The new king of the Florida Republican Party, Rick Scott, is scheduled to meet today with party chairman John Thrasher, to begin what some might call the "healing" process after Scott stuck it in the faces of the entire Florida GOP establishment by beating their anointed choice, Bill McCollum, on Tuesday night.
It won't be easy.
But in the end, most of the establishment will stick with Scott, because that's what people in political parties do. But the question needs to be asked: who's the more co-dependent partner here? Rick Scott spent $50 million to win the election, with absolutely no help from the party establishment. What does he need with them? And could it turn off some of his supporters, who like his very anti-Tallahassee message?
Pasco County GOP Committeeman Bill Bunting is no Scott fan, as I learned while speaking with him after the one major debate between Scott and McCollum in Tampa a few weeks ago. He tells the Orlando Sentinel that he thinks Scott is going to need people like him to beat Alex Sink:
"I think he has to show us his credentials," said Bill Bunting, chairman of Pasco County's McCollum team. "He's going to need the party to win this election; I think he knows that. He only took this by a small margin, despite all the money he spent."
And does the party really get what Scott's victory means? One would think not, after learning that an excited e-mail sent out by state Senator (and Scott supporter) Paula Dockery was censored by the RPOF ,for writing this seemingly innocuous note:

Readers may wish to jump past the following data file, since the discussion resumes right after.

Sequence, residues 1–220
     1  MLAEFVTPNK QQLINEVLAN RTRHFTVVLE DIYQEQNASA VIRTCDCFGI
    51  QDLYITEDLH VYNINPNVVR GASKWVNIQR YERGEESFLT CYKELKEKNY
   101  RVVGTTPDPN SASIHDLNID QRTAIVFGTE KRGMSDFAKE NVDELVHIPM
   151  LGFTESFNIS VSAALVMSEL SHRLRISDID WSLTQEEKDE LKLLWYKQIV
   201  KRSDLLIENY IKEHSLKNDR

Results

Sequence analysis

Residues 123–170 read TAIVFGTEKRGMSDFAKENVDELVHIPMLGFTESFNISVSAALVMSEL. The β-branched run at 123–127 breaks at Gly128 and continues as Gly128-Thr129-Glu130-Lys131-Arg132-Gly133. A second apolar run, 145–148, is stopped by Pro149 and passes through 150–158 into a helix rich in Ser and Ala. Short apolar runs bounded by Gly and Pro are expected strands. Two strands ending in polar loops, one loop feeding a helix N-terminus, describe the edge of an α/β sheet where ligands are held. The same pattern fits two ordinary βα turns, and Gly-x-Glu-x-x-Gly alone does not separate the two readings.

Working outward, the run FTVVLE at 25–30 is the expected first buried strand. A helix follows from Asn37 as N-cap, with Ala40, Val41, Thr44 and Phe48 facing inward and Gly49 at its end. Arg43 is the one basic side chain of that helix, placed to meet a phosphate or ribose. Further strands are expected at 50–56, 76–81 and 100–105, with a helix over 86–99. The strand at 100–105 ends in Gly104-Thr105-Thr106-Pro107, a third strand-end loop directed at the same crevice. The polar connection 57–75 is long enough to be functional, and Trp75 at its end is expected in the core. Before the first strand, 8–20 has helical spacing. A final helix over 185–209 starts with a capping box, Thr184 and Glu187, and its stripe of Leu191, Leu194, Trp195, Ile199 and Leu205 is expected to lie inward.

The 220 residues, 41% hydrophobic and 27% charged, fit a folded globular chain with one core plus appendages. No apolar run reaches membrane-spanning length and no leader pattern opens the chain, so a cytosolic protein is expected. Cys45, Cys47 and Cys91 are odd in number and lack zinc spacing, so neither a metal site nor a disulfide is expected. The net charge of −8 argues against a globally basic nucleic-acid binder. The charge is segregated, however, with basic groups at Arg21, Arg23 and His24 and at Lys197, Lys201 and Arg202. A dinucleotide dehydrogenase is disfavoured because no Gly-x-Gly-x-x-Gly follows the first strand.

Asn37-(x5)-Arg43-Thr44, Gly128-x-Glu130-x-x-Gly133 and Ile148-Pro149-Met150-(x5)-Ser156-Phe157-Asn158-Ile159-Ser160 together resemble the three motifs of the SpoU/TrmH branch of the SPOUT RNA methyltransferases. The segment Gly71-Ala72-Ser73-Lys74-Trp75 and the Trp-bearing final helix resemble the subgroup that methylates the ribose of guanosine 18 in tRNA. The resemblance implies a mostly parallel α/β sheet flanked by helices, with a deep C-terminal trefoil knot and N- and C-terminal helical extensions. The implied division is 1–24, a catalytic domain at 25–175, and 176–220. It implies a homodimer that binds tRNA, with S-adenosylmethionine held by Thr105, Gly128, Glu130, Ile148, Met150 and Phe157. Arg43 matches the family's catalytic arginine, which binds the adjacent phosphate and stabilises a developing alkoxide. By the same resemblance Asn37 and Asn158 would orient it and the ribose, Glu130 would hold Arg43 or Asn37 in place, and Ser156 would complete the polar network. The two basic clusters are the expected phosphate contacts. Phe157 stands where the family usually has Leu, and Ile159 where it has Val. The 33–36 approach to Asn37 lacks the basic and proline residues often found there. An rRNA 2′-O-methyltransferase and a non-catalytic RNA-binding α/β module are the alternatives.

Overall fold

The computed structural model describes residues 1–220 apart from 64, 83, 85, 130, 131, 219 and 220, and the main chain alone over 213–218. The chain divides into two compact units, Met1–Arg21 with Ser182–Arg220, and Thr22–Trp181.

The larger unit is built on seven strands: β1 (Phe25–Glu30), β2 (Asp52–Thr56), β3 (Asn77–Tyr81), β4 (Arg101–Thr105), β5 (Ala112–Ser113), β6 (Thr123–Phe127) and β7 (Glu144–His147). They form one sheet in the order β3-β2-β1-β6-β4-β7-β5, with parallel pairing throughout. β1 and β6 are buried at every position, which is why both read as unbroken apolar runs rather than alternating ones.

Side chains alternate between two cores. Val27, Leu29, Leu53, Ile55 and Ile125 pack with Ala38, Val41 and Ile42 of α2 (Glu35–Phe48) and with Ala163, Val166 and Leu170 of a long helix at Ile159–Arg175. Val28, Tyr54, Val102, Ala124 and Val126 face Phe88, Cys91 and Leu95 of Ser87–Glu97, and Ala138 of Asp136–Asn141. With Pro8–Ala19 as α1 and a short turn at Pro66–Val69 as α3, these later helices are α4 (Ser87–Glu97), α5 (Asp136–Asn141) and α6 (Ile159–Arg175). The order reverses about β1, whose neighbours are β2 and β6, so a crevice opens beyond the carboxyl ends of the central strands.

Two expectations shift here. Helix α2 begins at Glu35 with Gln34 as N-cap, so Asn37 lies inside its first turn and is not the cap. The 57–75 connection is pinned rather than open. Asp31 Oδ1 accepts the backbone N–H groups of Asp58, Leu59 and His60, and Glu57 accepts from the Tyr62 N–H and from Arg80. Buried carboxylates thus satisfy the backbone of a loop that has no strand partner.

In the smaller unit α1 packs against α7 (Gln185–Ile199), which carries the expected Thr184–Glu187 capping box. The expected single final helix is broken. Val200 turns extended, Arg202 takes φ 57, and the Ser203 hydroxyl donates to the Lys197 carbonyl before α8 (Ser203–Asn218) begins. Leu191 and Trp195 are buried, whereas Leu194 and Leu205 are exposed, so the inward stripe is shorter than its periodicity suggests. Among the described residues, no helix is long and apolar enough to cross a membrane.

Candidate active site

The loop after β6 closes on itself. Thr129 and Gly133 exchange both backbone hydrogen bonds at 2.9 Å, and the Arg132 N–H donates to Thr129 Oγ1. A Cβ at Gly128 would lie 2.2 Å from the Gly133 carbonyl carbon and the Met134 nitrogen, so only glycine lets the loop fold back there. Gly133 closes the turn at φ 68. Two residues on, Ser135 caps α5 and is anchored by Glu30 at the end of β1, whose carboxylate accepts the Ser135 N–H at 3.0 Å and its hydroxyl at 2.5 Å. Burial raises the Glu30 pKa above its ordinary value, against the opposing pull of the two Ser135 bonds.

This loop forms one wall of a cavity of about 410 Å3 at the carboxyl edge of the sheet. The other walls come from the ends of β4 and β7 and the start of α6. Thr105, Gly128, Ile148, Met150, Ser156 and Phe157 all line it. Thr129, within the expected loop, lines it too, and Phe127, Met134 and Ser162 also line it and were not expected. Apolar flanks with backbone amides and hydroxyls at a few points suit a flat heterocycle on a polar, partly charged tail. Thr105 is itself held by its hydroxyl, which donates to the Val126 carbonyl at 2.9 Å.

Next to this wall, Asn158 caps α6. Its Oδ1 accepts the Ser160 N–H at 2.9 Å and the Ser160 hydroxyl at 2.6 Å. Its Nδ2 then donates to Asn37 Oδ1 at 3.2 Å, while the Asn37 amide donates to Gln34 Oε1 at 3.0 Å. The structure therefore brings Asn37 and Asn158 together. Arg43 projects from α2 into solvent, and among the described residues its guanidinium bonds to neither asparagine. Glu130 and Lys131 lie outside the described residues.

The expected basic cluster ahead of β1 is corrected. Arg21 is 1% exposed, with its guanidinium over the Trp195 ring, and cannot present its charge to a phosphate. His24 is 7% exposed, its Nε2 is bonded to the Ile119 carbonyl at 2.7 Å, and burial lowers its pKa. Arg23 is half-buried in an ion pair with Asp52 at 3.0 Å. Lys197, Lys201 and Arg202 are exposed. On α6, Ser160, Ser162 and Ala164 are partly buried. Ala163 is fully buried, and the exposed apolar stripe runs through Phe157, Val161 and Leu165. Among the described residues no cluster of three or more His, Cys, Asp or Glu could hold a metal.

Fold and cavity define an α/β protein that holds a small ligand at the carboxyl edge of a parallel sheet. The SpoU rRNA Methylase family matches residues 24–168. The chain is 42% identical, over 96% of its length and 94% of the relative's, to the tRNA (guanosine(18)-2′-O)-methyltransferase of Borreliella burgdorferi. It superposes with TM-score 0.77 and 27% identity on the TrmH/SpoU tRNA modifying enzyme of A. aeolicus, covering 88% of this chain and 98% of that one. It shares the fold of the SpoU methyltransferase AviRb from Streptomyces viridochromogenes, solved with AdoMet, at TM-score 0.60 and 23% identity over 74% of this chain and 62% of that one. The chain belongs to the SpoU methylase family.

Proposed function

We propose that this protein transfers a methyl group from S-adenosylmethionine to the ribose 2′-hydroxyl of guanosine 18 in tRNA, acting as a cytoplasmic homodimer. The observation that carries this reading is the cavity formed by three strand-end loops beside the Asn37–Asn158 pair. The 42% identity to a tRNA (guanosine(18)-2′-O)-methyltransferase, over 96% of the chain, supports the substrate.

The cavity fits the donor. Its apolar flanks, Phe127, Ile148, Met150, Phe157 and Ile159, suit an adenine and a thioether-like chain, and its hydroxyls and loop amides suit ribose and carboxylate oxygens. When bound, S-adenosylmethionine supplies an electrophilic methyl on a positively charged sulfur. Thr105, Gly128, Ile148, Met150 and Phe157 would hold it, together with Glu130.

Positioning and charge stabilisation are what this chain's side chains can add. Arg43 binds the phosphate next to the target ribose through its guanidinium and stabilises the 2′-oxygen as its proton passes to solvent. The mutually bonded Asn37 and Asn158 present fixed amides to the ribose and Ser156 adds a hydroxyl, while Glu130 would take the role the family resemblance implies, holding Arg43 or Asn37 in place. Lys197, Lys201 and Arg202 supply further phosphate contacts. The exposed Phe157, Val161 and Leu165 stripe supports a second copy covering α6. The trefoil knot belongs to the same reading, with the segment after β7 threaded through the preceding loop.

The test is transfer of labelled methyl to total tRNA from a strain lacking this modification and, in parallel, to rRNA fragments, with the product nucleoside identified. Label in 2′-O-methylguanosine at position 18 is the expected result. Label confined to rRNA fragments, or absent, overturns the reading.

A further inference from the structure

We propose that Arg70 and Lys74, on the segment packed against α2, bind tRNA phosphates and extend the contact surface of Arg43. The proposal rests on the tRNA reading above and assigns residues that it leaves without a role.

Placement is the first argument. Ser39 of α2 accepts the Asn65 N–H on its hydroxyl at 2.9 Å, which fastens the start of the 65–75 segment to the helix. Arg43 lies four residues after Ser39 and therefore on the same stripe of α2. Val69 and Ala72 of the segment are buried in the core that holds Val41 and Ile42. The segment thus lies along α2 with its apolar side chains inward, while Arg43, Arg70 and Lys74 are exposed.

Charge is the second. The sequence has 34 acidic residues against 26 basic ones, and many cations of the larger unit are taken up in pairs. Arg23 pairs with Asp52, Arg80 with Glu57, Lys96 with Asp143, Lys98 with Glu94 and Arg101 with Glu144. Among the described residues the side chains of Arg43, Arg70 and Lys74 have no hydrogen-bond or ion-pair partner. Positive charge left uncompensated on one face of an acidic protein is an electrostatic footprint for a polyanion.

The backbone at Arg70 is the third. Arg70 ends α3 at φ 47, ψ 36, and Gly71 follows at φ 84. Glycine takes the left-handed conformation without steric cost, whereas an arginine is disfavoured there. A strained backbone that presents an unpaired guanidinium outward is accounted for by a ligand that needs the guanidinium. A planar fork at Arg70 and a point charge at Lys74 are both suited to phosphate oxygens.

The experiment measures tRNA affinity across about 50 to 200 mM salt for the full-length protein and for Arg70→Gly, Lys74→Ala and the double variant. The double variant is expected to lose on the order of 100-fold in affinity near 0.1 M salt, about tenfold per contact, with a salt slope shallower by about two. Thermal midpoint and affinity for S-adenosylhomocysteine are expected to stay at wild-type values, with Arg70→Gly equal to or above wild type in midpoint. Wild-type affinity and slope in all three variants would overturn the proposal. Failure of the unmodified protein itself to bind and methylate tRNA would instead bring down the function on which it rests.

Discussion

"For too long, true Republican principles have been put by the wayside in favor of the special interest agendas that fund the party elite. I wholeheartedly look forward to what tonight's election results mean: a revitalized party that is beholden only to the conservative electorate who demonstrated their trust and confidence with the power of their vote."
Former Governor Jeb Bush has reportedly had a spokeswoman send out an e-mail saying, that the party "must now united and work together for victory in November."
Then again, some of Bill McCollum's biggest supports are already praying that Scott was so busy with the rigors of the campaign that he didn't notice how all of them spent vast resources (for them, anyhow) to defeat him. Get this from Mike Haridopolos, the incoming Senate leader who (along with his BFF Dean Cannon) was attached to McCollum physically for the last week of the campaign, according to the Palm Beach Post..
"When you people check the record, you'll see it's only positive from me," incoming Senate President Mike Haridopolos said.
But Haridopolos was one of several Republican leaders who, along with business lobbyists, helped raise and spend millions to attack Scott's business record.
By the way, Haridopolos admitted yesterday that he's never met or spoken with Scott.